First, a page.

Fresno Christian High School
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The Student News Site of Fresno Christian High School

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The Student News Site of Fresno Christian High School

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Koreans live out cross cultural experience on campus

Respect and education in Korea are the number one priority. Staying on task and becoming a high-class business entrepreneur are what most Korean parents desires for their child. Standards for success in Korea come as a result of hard work and diligence, standards that many Americans also follow.

Seung Hyun Baek, ’02, who has adopted the name Danny, came to California two years ago. He was sent here with his two sisters, Christine, ’02, and Rebecca (eighth grade) to study. He was at Montclair in Los Angeles for one semester, but found it not challenging enough.

Baek is now in Fresno with another Korean family. His sisters have been very supportive; they helped him from becoming homesick. He keeps in touch with his parents over the phone and plans on visiting his family in Korea during Christmas vacation.

Baek finds Fresno a lot like a small Korean city. He has found Korean areas of the city including food and culture. However, he does not like the transportation system in Fresno.

“Everyone walks over there (Korea), just masses of people,” Baek said. “You can’t drive over there until you’re 18 and still it’s not that common.”

Baek found it very hard to adjust to a new country mainly because of the different language. He took English at Fresno State, which he found helpful but language is still difficult for him, especially writing. He finds it harder to keep up in class because of this disadvantage.

After high school he aspires to attend University of Pennsylvania because his father, Byong R Baek, has high standards for this school. He hopes to study Bible and become a pastor. He desires to then go back to Korea and use his skill and talent to preach, bringing others to the Lord.

Se Na Lee, ’05, arrived on campus after trying private schools in Korea and England.

Lee has attended many schools such as Sang Mung School in Korea, which is an all-girls school. She left Korea at age 15 to attend a school in Europe. Ruthin School, a boarding school in England, was her first school out of her home country.

While attending the boarding school it was still extremely difficult for her to keep up because her English was weak. She could not understand so she felt no reason to try. She became extremely homesick and felt she was a ?bad girl’ for being sent away from home, even though she knew her parents just want her to receive a better education.

Lee stayed at Ruthin for eight months, visiting her parents during Christmas only. Lee then headed for Kansas to attend Mt. Saint Scholastic Academy for five months. She came to Fresno because her parents thought this would be a better school.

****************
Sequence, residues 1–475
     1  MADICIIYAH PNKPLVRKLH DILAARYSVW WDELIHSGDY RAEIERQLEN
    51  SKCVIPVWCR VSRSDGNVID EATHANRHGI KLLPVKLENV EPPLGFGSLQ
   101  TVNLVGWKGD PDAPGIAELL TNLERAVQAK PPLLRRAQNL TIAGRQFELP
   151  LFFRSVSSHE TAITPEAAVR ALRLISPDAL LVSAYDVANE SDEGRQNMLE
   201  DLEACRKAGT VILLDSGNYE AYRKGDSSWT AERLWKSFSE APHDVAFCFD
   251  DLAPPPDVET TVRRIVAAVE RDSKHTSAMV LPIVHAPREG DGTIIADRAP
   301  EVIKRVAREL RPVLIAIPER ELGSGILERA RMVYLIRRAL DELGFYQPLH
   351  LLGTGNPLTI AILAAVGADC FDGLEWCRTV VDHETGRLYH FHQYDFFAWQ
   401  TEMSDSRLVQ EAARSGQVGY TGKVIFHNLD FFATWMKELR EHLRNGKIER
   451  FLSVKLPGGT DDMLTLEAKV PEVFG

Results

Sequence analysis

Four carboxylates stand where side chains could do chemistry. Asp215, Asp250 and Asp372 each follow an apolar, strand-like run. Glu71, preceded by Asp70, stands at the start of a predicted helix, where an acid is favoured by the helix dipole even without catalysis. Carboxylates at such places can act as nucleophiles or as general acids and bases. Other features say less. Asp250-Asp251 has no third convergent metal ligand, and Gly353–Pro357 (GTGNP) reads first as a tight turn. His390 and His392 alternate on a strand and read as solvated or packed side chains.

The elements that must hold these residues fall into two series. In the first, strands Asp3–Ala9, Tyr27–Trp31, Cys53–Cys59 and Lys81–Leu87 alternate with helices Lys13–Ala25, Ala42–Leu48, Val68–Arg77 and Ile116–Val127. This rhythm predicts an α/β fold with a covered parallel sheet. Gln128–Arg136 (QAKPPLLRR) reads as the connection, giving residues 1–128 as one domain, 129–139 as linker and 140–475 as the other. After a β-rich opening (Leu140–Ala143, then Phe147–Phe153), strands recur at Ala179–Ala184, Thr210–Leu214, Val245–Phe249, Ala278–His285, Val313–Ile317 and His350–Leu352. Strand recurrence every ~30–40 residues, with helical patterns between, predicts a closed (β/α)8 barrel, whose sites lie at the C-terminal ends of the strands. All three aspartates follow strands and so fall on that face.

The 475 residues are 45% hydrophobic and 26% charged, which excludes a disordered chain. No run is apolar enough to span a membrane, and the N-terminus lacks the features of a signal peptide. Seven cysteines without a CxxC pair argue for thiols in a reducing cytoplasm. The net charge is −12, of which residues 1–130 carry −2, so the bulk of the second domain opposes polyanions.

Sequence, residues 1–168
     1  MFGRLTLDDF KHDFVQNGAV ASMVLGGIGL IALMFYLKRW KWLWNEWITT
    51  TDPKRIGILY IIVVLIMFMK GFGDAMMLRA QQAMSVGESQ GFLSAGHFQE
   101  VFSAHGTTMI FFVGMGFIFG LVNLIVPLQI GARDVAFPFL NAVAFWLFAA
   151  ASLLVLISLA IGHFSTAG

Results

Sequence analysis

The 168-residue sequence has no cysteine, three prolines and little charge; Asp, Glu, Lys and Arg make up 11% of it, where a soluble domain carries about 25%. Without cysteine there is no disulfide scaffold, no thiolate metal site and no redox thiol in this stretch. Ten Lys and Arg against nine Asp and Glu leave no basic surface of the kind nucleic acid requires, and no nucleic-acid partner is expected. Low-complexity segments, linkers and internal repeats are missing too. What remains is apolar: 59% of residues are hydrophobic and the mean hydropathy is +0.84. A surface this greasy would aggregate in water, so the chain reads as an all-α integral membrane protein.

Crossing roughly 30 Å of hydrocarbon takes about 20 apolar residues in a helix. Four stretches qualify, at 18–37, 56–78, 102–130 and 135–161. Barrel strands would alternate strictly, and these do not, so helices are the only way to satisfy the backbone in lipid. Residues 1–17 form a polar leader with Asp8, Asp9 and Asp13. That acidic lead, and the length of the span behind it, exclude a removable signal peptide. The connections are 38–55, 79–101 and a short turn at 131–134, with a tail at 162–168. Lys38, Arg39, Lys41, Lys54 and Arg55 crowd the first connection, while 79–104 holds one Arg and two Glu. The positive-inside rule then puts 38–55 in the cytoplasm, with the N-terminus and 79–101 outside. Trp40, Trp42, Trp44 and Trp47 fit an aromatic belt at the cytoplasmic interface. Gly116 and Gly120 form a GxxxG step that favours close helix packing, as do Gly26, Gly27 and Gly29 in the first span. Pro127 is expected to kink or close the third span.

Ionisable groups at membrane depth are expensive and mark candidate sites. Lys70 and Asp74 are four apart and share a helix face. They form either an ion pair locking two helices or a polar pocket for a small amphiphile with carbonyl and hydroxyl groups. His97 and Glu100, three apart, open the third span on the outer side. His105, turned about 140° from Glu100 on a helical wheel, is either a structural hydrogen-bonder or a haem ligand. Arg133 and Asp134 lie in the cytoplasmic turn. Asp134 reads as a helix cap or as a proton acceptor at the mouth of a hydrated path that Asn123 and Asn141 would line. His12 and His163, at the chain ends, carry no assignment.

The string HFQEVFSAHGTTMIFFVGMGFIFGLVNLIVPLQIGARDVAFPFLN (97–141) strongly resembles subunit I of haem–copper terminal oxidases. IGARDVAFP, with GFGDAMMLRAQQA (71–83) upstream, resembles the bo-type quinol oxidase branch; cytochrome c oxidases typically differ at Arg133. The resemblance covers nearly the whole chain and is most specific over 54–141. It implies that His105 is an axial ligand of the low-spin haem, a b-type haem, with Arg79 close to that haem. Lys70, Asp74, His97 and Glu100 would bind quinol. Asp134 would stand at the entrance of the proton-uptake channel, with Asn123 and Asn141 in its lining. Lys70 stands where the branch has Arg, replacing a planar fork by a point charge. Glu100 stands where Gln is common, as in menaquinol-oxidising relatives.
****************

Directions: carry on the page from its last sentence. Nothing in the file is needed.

She had visited Fresno once before because her mother’s sister lives here. Now, as a resident of Fresno, she stays with her aunt.

She feels reassured by her parent’s confidence for being sent to a private Christian school. She came here because her mother, Jung Ja Kim, wants her to have a biblical knowledge and love for the Lord.

Campus academic requirements and regulations are not as strict as they are in Korea.

“When I was twelve years old we were required to cut our hair in Korea,” Lee, said. “It wasn’t a law but it was a known thing to do. They said we had to do it to keep our focus on our academics and not our appearance.”

Hair must not be longer than 2 cm below a student’s ear. If one was caught with longer hair, the teacher would have to come by and chop it off or one would take the sissors to your own hair.

“Since I was in an all girls’ school it wasn’t embarrassing,” Lee said, referring to when her hair was cut. “Every student knew the rules and were required to follow them.”

Lee has one older sister, Semi Lee, 18, who is still in high school but was not admitted into the U.S. because she is too old. She plans on coming to the United States for college.

Lee wanted to become a professional singer in Korea, but her parents were confused why she wanted to take such an unstable job. In Korea singers do not get rich, but are popular because most are deemed pretty. After coming to the United States she aspires to become a professional vocalist.

While in Korea, Lee took lessons in voice but now she is just a part of the campus choir. It was only after repeatedly explaining to her father and mother that they began to understand her love for singing.

Through all the struggles they have dealt with coming to another country, Baek and Lee know that it will be for their benefit. They are thankful for the opportunity they have received from their parents.

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